A slightly different reason for donning the muddy boots this month. While trawling through Facebook (hoping to find tips from them on how to avoid tax), I noticed that the Whitby Wildlife Sanctuary was planning a sponsored walk to raise funds for their refuge on the outskirts of town.
So, I joined up, badgered a few mates to donate a shilling or two, and made my way to the whale’s jawbones. There were meant to be half a dozen of us gathering here to walk to Runswick Bay, and on my arrival I approached a likely looking group.
“Hullo! Are you waiting to do the sponsored walk for Whitby Wildlife?” This was met with a grimace and a grunted “Wuh?”
Another group with rucksacks and hefty boots replied with a terse “uh?” so I took a place on a vacant bench and waited. Shortly, Alexandra Farmer the Chief Exec, cook, bottle washer and unpaid lackey at the sanctuary, bounded over to greet me. Sadly, the other walkers had dropped out for a variety of reasons, so the two of us set off along the West Cliff on our eight-mile hike to Runswick.
At low tide, it is easily possible to do the first stretch to Sandsend along the beach. But, the tide was well in and lapping the shore, so we followed the Cleveland Way along the pavement and path dropping down to a seaside gulley, before veering inland under the golfers footbridge and up onto Sandsend Road.
Walk on through Sandsend, and at Wits End Café at the foot of Lythe bank, go into the car park then up a flight of steps on the left, to turn right onto the track bed of the old railway line.
Alexandra moved with her family to Broomfields Farm (opposite the Industrial Estate), after living in various parts of the world including the Far East and Bermuda. She says her love of wildlife and particularly her desire to intervene, probably came from rescuing migratory crabs dodging traffic in Bermuda. She also says that Whitby is easily the best place she has lived (and I suspect the fish and chips are better).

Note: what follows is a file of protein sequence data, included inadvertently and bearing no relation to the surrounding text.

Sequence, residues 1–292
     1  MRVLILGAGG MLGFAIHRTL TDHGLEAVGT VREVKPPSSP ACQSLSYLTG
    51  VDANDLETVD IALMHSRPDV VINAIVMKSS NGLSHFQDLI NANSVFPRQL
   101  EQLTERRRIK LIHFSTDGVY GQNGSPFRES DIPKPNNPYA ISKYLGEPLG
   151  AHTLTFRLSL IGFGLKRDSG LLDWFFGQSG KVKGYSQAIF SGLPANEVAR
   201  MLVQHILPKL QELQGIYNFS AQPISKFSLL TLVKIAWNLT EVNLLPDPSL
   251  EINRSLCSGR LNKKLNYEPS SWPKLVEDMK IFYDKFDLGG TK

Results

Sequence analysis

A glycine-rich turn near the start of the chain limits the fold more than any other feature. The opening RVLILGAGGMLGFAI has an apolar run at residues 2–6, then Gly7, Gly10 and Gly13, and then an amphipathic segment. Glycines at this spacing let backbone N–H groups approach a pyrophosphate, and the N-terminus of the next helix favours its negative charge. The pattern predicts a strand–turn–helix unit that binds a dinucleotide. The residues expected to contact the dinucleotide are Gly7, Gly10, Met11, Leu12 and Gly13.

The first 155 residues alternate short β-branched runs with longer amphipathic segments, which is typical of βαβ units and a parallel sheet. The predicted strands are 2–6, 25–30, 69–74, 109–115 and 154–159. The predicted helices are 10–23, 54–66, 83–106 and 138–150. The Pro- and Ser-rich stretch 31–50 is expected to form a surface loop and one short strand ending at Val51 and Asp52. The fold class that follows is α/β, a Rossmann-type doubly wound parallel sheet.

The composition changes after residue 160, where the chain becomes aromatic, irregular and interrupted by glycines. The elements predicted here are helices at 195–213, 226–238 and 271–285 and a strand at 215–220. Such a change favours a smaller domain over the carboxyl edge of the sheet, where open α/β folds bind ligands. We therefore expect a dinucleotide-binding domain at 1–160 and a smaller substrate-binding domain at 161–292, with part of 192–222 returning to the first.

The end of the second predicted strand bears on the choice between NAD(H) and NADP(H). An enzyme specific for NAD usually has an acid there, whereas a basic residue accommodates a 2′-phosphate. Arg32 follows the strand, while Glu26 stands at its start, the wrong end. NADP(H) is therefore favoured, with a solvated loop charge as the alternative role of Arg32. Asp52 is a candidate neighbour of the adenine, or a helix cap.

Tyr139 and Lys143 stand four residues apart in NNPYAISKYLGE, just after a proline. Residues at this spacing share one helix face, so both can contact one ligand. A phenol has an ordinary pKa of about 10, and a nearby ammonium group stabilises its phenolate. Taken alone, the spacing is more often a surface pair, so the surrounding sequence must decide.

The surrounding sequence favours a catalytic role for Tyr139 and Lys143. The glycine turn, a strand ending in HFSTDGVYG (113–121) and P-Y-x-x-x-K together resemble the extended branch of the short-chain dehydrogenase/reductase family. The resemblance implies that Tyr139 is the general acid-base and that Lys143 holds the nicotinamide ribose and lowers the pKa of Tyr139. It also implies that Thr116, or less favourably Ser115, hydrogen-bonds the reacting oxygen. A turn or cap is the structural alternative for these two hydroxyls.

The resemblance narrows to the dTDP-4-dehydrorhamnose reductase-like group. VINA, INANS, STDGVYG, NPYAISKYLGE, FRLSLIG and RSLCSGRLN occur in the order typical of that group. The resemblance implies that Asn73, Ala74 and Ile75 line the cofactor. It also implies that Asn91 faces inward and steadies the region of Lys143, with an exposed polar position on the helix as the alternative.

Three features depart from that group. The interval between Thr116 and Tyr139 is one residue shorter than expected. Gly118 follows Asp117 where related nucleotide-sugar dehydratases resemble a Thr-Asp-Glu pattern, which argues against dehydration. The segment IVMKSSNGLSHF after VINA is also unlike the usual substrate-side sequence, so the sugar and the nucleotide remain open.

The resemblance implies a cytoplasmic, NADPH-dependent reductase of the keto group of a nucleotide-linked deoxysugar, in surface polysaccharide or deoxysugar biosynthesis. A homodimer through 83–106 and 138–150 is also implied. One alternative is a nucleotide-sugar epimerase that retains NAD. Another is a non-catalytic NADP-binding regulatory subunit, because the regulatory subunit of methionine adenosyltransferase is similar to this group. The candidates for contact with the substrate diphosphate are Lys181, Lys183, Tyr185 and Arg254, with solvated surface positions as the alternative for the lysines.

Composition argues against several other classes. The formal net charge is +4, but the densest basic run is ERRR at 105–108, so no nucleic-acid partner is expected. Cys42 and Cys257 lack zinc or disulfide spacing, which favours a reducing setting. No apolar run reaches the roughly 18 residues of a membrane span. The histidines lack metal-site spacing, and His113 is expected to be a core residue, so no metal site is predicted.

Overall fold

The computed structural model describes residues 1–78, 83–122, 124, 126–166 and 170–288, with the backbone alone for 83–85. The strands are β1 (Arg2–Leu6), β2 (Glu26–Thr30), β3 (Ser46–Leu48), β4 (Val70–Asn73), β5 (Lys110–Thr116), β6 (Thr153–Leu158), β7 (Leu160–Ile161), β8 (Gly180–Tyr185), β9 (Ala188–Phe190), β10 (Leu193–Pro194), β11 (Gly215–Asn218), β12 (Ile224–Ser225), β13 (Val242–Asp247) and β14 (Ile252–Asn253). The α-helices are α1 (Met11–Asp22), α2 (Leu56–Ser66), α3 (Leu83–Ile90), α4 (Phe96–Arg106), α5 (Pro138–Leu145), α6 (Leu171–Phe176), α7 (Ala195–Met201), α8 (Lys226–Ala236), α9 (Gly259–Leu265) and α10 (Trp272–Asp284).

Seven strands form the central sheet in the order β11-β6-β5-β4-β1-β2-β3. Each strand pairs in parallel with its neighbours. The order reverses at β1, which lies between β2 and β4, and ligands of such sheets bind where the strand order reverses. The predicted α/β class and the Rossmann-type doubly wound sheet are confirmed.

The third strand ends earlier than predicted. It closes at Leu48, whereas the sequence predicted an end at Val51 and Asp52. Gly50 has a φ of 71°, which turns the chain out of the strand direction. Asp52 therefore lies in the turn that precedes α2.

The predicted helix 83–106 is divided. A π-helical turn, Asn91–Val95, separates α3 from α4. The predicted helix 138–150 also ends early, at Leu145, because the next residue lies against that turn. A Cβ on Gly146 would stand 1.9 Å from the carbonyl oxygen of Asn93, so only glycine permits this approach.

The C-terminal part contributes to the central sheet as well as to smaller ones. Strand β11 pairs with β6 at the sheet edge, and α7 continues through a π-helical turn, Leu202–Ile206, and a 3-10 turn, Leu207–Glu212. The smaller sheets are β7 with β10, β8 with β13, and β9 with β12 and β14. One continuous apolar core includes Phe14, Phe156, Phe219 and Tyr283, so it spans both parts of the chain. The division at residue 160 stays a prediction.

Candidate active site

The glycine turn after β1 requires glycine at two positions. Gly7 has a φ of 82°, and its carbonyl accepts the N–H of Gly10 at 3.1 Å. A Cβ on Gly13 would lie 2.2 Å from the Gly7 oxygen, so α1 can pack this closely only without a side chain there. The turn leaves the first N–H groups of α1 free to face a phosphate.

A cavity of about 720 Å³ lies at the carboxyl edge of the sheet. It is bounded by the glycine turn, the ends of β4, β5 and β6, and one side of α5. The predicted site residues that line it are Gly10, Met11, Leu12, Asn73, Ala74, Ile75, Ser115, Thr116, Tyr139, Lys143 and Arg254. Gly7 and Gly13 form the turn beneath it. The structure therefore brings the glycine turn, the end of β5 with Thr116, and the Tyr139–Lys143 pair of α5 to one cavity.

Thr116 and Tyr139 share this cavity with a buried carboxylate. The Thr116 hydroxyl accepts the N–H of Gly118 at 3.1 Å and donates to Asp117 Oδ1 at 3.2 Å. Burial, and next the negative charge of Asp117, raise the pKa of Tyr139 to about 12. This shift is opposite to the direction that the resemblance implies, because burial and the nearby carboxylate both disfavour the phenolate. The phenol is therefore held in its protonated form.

The old railway track continues for a mile or more, until reaching the bricked up tunnel that guided steam trains to Kettleness 60 years ago.
A long climb up steps adjacent to the tunnel left us both gulping for air and water, but at the top the path is largely flat as it snakes around the cliff edge with fields on your left and a long drop on your right. On a very clear day up here, you used to be able to see smoke from the Redcar steelworks, way in the distance. Well, not any more. Though you may be able to spot pigs flying in formation as you consider that the Government is doing “everything in its power to help those who have lost their jobs.”
I could write forever about politics, but with dodgy blood pressure, I should probably shut up and concentrate on the fabulous work of the Whitby Wildlife Sanctuary. Alex has rescued, rehabilitated and released hundreds of seabirds, garden birds and hedgehogs.
There have been other species too, including a slow worm, squirrels and recently one of those flying pigs. (Oops, sorry. There I go again. The pig was actually found snuffling around the roadside verge north of Scarborough).
There have been cases which have attracted lots of publicity too. Readers may remember the seagull that was deliberately plastered in red paint, allegedly by hilarious pair of pranksters whose two brain cells had malfunctioned. Well, if you didn’t know, I can report that the gull received months of care and attention and was successfully released back into the wild. Apparently it is still a bit pink, so don’t worry – you haven’t had one too many.
The path curls around Kettleness old station, then soon drops very steeply down to a wet and slippery stretch leading onto the beach at Runswick Bay. The village at the far end is proper pretty and has a café and pub (which might be closed in winter to be honest), and a very steep road climbing back up to the bus stop.
Alex and I enjoyed a pint in the newly refurbished and much improved Runswick Bay Hotel. Well I did – in fact I enjoyed three. Alex just concentrated on gasping for air after that big climb and then had to dash off to answer more rescue calls.
You can still sponsor us for that specific walk at www.gofundme.com/walkforwildlife.
Alternatively, check out the website www.whitbywildlife.co.uk or the sanctuary’s Facebook page – Whitby Wildlife Sanctuary – where Alex posts some lovely videos of successful releases of animals that would not have made it without her. It’s inspiring stuff.